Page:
‘No, thank god!’ giggled Montana.
At the end of the YouTube video, the Love Islander warned her fans that the contraceptive pill isn’t 100 percent effective in preventing pregnancy.
Montana then encouraged viewers to take extra precautions when having sex, to avoid unwanted pregnancies.
Earlier this year, Montana took to her YouTube channel to post a candid video about her love life.
Unwanted pregnancy: ‘I got a clear blue test and it was like “four to five weeks pregnant” and I was like: “Brilliant!”,’ said Montana sarcastically
Reflecting on her split from model Elliott, Montana insisted she is the happiest she has ever been after a ‘life-changing’ few months.
The reality starlet said: ‘I am officially single, but actually loving it. Also the show must go on, I’m feeling pretty fresh
‘I mean I wasn’t feeling fresh when it first happened, don’t get me wrong, I was pretty down in the dumps.
‘But I feel like everything happens for a reason, I’ve been really able to focus on myself and my personal growth, personal goals.
‘I’ve met some amazing people along the way, I think everything happens for a reason.’
What causes a miscarriage?
It is highly unlikely that you will ever know the actual cause of a one-off miscarriage, but most are due to the following problems:
• ABNORMAL FETUS
The most common cause of miscarriages in the first couple of months is a one-off abnormal development in the fetus, often due to chromosome anomalies. ‘It’s not as though the baby is fine one minute and suddenly dies the next,’ says Professor James Walker, Professor of Obstetrics and Gynaecology at the University of Leeds.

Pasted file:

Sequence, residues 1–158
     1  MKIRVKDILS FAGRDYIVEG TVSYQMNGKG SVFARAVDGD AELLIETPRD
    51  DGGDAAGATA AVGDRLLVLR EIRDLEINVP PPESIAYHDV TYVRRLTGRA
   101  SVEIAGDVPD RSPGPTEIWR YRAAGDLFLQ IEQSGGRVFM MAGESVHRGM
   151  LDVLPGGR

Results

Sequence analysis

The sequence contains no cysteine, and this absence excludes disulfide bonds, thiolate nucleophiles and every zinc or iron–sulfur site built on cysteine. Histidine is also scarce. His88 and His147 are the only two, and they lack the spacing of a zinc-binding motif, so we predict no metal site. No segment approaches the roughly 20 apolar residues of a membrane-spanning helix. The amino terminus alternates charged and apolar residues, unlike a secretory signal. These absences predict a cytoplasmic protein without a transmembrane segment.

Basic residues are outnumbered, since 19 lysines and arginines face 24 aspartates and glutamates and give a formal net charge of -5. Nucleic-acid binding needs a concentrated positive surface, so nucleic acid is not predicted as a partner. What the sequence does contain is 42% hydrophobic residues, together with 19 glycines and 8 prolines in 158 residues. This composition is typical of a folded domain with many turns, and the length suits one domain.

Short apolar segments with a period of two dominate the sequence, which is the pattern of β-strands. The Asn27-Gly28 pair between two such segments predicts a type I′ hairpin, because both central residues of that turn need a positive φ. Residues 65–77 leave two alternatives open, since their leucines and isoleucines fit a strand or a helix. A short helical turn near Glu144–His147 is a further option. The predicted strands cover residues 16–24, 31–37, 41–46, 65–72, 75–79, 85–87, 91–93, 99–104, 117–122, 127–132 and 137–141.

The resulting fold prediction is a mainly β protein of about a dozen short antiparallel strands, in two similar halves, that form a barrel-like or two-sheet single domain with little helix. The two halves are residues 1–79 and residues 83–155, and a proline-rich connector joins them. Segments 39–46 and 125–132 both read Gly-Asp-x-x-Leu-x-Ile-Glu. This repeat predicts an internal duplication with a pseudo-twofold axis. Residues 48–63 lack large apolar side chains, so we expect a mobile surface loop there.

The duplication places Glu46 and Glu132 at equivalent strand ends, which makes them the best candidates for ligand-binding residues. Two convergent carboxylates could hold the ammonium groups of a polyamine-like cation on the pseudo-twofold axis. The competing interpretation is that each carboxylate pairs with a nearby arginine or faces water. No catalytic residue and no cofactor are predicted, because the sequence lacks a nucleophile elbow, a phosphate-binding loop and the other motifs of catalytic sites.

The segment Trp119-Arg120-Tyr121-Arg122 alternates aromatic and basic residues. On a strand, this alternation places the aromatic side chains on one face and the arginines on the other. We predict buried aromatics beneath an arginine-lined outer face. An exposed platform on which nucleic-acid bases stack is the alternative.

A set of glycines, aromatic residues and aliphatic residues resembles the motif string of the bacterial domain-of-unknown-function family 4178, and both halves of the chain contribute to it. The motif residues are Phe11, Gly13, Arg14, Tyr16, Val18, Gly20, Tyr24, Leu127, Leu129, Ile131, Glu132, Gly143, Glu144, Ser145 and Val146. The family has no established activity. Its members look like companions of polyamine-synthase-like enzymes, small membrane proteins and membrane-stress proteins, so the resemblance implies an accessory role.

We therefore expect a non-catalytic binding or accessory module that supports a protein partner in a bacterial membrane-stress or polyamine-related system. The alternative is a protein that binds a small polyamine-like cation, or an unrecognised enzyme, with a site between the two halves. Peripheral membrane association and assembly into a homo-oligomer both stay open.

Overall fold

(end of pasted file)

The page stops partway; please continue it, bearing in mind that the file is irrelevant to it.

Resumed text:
‘These pregnancies fail from the outset and were never destined to succeed.’ Most miscarriages like this happen by eight weeks, although bleeding may not start until three or four weeks later, which is worth remembering in subsequent pregnancies. ‘If a scan at eight weeks shows a healthy heart beat, you have a 95 per cent chance of a successful pregnancy,’ says Professor Walker.
• HORMONAL FACTORS
A hormonal blip could cause a sporadic miscarriage and never be a problem again. However, a small number of women who have long cycles and irregular periods may suffer recurrent miscarriages because the lining of the uterus is too thin, making implantation difficult.
Unfortunately, hormone treatment is not terribly successful.